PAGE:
Monday, August 10, 2009

Paying for Unpaid Positions

Today, I found myself particularly interested in a New York Times article about the challenges of attaining internships. “Unpaid Work, but They Pay for Privilege” reveals a frustrating situation faced by many college students today. It’s no secret that it’s not easy to get to get a job. The competition is vicious as graduates are put up against peers as well as laid-off employees for paying and nonpaying positions. The fact is if your resume isn’t remarkable, your interview skills aren’t flawless, and you don’t “know the right people”, you’re out of luck. This is the very reason parents are willing to doll out thousands of dollars for services to help their children secure internships.

One organization the article discusses is the University of Dreams. This company is the "largest and most visible player" in the industry and advertises:

“a guaranteed internship placement, eight weeks of summer housing, five meals a week, seminars and tours around New York City for $7,999.”

The money goes to the University of Dreams and middlemen involved in the process. The University of Dreams places 1,600 student interns in 13 different cities. Their staff knows the ins and outs of the business and because of their strong working relationships they know who to call where. The article goes on to discuss how the process is equally attractive to parents who want to secure the success of their child’s future, and employers who have recognized the benefit of using these middlemen to save them a lot of “time and hassle”. In the following Prendismo clip, Marissa Goodman discusses the importance of networking in helping secure a job.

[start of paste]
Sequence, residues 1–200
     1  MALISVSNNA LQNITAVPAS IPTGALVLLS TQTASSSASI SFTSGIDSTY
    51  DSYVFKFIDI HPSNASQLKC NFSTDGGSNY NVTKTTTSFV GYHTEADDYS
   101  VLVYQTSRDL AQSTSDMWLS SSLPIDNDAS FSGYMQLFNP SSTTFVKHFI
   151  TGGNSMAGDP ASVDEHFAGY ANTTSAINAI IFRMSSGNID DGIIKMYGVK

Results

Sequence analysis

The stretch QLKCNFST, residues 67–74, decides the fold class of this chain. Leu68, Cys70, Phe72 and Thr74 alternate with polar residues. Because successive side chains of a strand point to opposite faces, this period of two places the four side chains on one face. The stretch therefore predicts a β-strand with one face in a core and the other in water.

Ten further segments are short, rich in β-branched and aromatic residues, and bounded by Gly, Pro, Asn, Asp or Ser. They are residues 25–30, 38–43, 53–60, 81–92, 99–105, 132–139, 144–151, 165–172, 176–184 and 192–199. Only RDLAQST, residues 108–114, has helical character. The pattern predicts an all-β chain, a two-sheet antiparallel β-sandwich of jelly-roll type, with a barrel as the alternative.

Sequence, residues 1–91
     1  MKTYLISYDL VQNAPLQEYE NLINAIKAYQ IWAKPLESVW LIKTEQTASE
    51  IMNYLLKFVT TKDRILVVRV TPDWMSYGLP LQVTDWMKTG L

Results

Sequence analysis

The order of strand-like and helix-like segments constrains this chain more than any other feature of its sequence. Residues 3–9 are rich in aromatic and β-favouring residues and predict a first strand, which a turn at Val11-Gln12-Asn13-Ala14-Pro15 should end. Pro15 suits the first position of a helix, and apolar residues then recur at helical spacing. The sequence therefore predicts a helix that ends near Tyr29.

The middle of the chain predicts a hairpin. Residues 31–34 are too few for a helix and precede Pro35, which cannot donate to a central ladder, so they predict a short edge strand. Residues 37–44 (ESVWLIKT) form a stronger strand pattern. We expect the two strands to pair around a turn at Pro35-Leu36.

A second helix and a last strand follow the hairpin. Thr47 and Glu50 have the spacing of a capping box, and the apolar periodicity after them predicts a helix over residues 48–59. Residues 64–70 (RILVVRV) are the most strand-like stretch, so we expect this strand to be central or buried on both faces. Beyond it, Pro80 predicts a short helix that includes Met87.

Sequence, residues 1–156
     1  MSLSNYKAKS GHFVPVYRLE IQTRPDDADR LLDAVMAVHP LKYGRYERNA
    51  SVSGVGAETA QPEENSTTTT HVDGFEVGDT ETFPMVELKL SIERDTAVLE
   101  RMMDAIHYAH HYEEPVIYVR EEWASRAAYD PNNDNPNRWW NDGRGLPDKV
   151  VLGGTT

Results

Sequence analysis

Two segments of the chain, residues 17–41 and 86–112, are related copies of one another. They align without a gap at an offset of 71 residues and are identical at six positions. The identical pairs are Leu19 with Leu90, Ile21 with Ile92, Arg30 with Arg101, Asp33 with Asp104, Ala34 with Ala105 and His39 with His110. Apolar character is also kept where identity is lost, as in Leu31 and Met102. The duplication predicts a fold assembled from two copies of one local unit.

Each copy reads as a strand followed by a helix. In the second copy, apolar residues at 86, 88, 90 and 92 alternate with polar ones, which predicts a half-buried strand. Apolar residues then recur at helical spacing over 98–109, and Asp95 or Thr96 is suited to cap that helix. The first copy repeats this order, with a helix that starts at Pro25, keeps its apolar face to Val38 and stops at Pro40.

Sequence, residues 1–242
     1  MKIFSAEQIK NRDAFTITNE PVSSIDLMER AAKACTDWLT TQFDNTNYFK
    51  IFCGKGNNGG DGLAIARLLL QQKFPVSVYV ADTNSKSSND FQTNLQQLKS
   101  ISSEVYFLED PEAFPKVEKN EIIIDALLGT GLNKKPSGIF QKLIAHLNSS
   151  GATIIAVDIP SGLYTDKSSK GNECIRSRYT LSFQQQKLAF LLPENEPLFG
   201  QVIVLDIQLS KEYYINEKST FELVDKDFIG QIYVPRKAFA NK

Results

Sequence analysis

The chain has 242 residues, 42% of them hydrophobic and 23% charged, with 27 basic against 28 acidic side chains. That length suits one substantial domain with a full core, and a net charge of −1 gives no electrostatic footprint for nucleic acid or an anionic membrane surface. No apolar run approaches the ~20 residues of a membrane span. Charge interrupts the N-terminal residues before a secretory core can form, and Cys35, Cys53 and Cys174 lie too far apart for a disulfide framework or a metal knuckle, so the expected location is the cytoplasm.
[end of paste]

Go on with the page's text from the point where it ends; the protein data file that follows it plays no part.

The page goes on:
"...people today don't want to waste their time. They want someone to vouch for them and it's a lot easier to get your foot in the door if you have a solid kind of referral from someone who works at the company." - Marissa Goodman, Steve and Barry's

This process of paying for an unpaid position may not only be confusing to many people, but educators and students also argue that these programs put many families at a disadvantage. Not everyone is able to afford to buy his or her internship position. As Eric Normington of the University of Dreams states, “Students don’t have problems finding internships, students have problems getting internships.” Despite their fairness, this is why services such as those provided by the University of Dreams are in such high demand. Internships provide experiences outside the classroom and they give graduates a competitive advantage. In the following Prendismo clip Alissa Livingston discusses the importance of internships.

"Internships are critical both for you in figuring out where your interests lie or your skills lie, but also it's more important because it will make you more competitive." - Alissa Livingston, Merchandise Planner, Ralph Lauren

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